The great thing
is not having
a mind. Feelings:
oh, I have those; they
govern me. I have
a lord in heaven
called the sun, and open
for him, showing him
the fire of my own heart, fire
like his presence.
What could such glory be
if not a heart? Oh my brothers and sisters,
were you like me once, long ago,
before you were human? Did you
to open once, who would never
open again? Because in truth
I am speaking now
the way you do. I speak
because I am shattered.
From The Wild Iris, published by Ecco Press, 1992. Copyright © 1992 by Louise Glück. All rights reserved. Used with permission. This poem appeared in Poem-a-Day on October 10, 2020.
The ferns—sharp lime green, lean over
the concrete like a woman over a boardwalk
on a bright spring day like this, though maybe it is better
with Grace’s curious nose assessing the damp earth
while ignoring its copious lizards.
There is joy in the soft butt
of a dog disappearing into its daily necessities.
I am not sure I have ever had such a joy,
either in discovery or expectation. Looking out
over the side of a boat
with a hat as wide as this fern
is Grace, of the delicate paws.
I have never liked it: The Spring. But this is the
end of Spring! First yellow of summer. They say a poet
can never write a purely happy poem about a dog
greeting the sun and what it has done to rain.
I don’t know about that.
I am light like a canine’s memory;
a minute, a world. Where one of the greatest
and most daring feats is to enjoy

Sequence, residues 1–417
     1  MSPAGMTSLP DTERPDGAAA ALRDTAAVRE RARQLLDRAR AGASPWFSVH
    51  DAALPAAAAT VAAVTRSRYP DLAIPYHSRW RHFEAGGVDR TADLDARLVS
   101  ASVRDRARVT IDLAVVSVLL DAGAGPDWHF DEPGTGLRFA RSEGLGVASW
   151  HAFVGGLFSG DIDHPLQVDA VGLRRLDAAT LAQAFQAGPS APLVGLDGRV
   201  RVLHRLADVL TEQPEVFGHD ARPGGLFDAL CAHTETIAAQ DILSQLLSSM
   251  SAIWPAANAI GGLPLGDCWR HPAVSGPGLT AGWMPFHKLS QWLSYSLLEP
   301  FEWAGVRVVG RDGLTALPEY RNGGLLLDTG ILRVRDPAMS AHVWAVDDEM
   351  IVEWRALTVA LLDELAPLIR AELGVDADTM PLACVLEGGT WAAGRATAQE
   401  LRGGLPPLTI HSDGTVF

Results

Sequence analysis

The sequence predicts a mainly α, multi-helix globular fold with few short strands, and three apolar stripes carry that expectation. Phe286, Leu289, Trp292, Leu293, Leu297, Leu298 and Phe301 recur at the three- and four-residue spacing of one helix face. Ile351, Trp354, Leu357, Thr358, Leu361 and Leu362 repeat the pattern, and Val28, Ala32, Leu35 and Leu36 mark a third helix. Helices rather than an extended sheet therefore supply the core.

the breeze’s slow boat of fertilization
made by other dogs of other years—the scent of
living in and of itself. Grace among the ferns
likes to place her body right over the pulpit
of the last dog, so they know. I am here, too. Living.
Lime green ribbons touch her soft, wet nose.
Copyright © 2021 by Analicia Sotelo. Originally published in Poem-a-Day on May 21, 2021, by the Academy of American Poets.
When my mom discovers heaven’s just a noise festival
the godchoir of all her loves breathing
unsnagged by asthma or Newport-dragged lung
the true song life makes untethered from a body
tugged at last from the men who hold its reins
will she blame her pastors (like I did)
for Sunday portraits of pooled white gold?
Will she miss the wooden flute of her body
mourn the days corner-propped, cloaked in dust
too pious to disturb a room’s skin cells
and stray hair with her sound
snapped awake at the nightmare of a slip fringe
the private note sung aloud?
Or, unburdened by hell
will she exhale
and hear the bells?
Copyright © 2021 by Kemi Alabi. Originally published in Poem-a-Day on June 16, 2021, by the Academy of American Poets.